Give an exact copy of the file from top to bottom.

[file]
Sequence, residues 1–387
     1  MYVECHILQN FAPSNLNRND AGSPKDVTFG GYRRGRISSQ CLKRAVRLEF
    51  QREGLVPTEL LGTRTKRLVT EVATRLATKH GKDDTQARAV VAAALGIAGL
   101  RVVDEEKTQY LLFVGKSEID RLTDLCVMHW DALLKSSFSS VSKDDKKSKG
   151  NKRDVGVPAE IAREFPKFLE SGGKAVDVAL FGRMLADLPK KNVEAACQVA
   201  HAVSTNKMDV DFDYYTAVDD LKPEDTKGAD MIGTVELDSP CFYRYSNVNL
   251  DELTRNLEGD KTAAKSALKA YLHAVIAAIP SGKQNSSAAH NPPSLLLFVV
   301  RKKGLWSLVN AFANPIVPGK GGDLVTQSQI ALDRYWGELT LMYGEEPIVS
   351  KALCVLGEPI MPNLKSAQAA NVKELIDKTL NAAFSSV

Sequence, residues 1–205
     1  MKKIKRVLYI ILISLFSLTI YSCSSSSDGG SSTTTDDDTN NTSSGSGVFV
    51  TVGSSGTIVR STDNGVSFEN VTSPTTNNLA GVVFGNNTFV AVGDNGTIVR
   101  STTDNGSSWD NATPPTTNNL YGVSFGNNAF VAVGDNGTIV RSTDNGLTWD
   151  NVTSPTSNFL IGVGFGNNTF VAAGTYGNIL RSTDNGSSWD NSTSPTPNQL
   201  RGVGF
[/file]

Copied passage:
Sequence, residues 1–387
     1  MYVECHILQN FAPSNLNRND AGSPKDVTFG GYRRGRISSQ CLKRAVRLEF
    51  QREGLVPTEL LGTRTKRLVT EVATRLATKH GKDDTQARAV VAAALGIAGL
   101  RVVDEEKTQY LLFVGKSEID RLTDLCVMHW DALLKSSFSS VSKDDKKSKG
   151  NKRDVGVPAE IAREFPKFLE SGGKAVDVAL FGRMLADLPK KNVEAACQVA
   201  HAVSTNKMDV DFDYYTAVDD LKPEDTKGAD MIGTVELDSP CFYRYSNVNL
   251  DELTRNLEGD KTAAKSALKA YLHAVIAAIP SGKQNSSAAH NPPSLLLFVV
   301  RKKGLWSLVN AFANPIVPGK GGDLVTQSQI ALDRYWGELT LMYGEEPIVS
   351  KALCVLGEPI MPNLKSAQAA NVKELIDKTL NAAFSSV

Sequence, residues 1–205
     1  MKKIKRVLYI ILISLFSLTI YSCSSSSDGG SSTTTDDDTN NTSSGSGVFV
    51  TVGSSGTIVR STDNGVSFEN VTSPTTNNLA GVVFGNNTFV AVGDNGTIVR
   101  STTDNGSSWD NATPPTTNNL YGVSFGNNAF VAVGDNGTIV RSTDNGLTWD
   151  NVTSPTSNFL IGVGFGNNTF VAAGTYGNIL RSTDNGSSWD NSTSPTPNQL
   201  RGVGF